It promotes the development of culture in Bahia. The renovated building on the Pelourinho in Salvador contains a small museum and wall panels with the covers of international editions of his

Coastland Center

Coastland Center is a shopping mall located in Naples, Florida. Opened in 1976, it features Macy's, JCPenney, Dillard's as its anchors, it hosts many other specialty stores. The food court is a main attraction along with a carousel; the mall itself is situated on just one floor. Coastland Center opened in 1977, was anchored by Sears and Maas Brothers; the mall was expanded in 1985 with the additions of Robinson's. Robinson's was acquired by Maison Blanche in 1987, acquired by Dillard's in 1991. Maas Brothers was bought out by Burdines in 1991, bought out by Macy's in 2005. Sears and Dillard's had second floors added to their stores in 1995 along with the addition of parking garages; the mall was further renovated in 2006. In 2015, Sears Holdings spun off 235 of its properties, including the Sears at Coastland Center, into Seritage Growth Properties. On August 22, 2018, it was announced that Sears would be closing as part of a plan to close 46 stores nationwide; the store closed in November 2018. In November 2018, the Naples Daily News announced that a new dine-in movie theater will replace the former Sears location in 2020.

Coastland Center official website


Legong is a form of Balinese dance. It is a refined dance form characterized by intricate finger movements, complicated footwork, expressive gestures and facial expressions. Legong originated in the 19th century as royal entertainment. Legend has it that a prince of Sukawati fell ill and had a vivid dream in which two maidens danced to gamelan music; when he recovered, he arranged for such dances to be performed in reality. Others believe that the Legong originated with the sanghyang dedari, a ceremony involving voluntary possession of two little girls by beneficent spirits. Legong is danced at public festivals. Excerpts from Legong dance dramas are put on for tourists. Traditionally, legong dancers were girls, they begin rigorous training from about the age of five. These dancers are regarded in the society and become wives of royal personages or wealthy merchants. After marriage they would stop dancing. However, in present Indonesia dancers may be of all ages. Classical Legong enacts several traditional stories.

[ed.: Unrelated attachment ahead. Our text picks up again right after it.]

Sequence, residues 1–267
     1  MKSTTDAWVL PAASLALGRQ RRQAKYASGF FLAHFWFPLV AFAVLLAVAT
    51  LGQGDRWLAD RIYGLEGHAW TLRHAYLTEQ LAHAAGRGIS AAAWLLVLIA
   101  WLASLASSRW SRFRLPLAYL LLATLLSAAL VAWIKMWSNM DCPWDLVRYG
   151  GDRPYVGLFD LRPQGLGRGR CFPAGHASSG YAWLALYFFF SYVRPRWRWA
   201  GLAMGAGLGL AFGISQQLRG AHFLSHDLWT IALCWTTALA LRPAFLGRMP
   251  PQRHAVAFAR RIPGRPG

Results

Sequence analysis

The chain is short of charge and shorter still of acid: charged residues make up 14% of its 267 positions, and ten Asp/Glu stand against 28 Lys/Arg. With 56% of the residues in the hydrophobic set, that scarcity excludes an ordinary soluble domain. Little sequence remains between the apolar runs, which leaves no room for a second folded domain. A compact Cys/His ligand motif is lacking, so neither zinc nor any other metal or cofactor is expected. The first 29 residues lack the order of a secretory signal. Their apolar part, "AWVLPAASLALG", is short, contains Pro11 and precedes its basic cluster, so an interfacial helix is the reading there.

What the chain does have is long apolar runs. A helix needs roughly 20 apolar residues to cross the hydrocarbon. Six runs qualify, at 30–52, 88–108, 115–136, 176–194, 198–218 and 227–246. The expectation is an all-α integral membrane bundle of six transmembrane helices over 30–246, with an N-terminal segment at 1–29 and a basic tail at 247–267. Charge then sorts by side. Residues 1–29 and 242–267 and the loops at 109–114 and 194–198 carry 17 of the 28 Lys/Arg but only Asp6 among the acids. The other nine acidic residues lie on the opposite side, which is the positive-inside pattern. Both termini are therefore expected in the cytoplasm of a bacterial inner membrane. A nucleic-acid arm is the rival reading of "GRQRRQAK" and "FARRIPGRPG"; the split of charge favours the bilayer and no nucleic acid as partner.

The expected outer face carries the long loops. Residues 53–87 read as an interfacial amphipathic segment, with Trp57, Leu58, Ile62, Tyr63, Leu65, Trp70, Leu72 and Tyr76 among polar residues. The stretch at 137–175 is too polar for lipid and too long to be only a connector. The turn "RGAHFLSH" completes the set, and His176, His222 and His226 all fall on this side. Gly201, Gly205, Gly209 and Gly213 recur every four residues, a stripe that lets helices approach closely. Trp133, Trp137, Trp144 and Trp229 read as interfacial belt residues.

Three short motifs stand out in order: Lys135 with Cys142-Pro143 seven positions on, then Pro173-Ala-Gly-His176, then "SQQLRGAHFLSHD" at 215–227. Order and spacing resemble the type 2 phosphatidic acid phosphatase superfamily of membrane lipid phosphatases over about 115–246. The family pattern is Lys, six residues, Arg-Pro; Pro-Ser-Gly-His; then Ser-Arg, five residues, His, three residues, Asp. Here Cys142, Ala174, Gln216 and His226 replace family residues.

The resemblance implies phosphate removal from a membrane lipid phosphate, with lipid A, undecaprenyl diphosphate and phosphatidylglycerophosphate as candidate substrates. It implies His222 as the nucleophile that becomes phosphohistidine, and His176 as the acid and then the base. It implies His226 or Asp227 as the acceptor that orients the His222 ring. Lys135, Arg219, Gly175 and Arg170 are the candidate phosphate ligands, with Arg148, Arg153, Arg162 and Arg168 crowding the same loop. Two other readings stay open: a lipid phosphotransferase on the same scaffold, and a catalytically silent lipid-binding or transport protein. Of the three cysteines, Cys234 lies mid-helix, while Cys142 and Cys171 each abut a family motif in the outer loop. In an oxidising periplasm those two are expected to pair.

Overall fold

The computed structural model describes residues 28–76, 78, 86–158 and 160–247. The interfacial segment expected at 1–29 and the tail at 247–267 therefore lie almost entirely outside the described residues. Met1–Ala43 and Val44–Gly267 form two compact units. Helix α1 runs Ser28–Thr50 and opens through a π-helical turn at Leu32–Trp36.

The most common is the tale of the Austin King of Lasem from the Malat, a collection of heroic romances. He is at war with the father of Princess Ranjasari. Lasem wants to marry the girl. Becoming lost in the forest, she is captured by Lasem, who imprisons her and goes out for a final assault against her family, he is attacked by a monstrous raven. The dramatics are enacted in stylized pantomime; the two little actresses are accompanied by a third dancer called a attendant. She sets the scene, presents the dancers with their fans and plays the part of the raven. Traditionally, fifteen types of legong dance were known; the duration and narrative of each type differed. Some, for instance, could last for an hour; these types included: Legong Bapang Saba Legong Jebog Legong Kraton Legong Kuntir Legong Lasem Legong Raja Cina Legong Semarandana Legong Sudasarna Balinese dances Legong: Dance of the Virgins, a 1935 film Legong is mentioned in "I've Been To Bali Too", the single by Australian folk-rock band Redgum from their 1984 album Frontline.

Legong Keraton Legong dance Tari Legong Lasem part 1

Suicide social

"Suicide social" is a song by French rapper Orelsan and produced by Skread. It was released on September 15, 2011 as the fourth single from his second studio album Le chant des sirènes. In the song, Orelsan assumes the persona of a distressed, working individual who spends his last minutes tackling several political and religious issues in France, including the "incompetents" serving in the French government, neo-Nazism and the LGBT community, before committing suicide by shooting himself; the music video was released on 15 September 2011 on YouTube as part of the single's release. Directed by Mathieu Foucher, the video is a lyric video, where the lyrics of the song appear in the video as Orelsan raps them, along with other various illustrations in line with the song's lyrics. Digital download"Suicide social" – 5:41

Husslin' (song)

"Husslin'" is a hip-hop song by Kardinal Offishall. It was the only single from his EP of the same name; the song appears on his second album, Quest for Fire: Firestarter, Vol. 1. Released in early 2000, the 12" single became an underground favorite, it was #1 on many college radio charts in the U. S. After its release, radio-tracking publication Gavin Report called it "By far, the hottest 12-inch on the platter right now. With three cuts to choose from, you can't go wrong." The song has a powerful horn sample. The music video was directed by Kevin De Freitas. In the video, Kardinal raps in the streets of Downtown Toronto alongside members of The Circle. A-side "Mic T. H. U. G. S." "Mic T. H. U. G. S." "Mic T. H. U. G. S." "U R Ghetto When" B-side "Husslin'" "Husslin'" "U R Ghetto When" "U R Ghetto When" "Husslin'" music video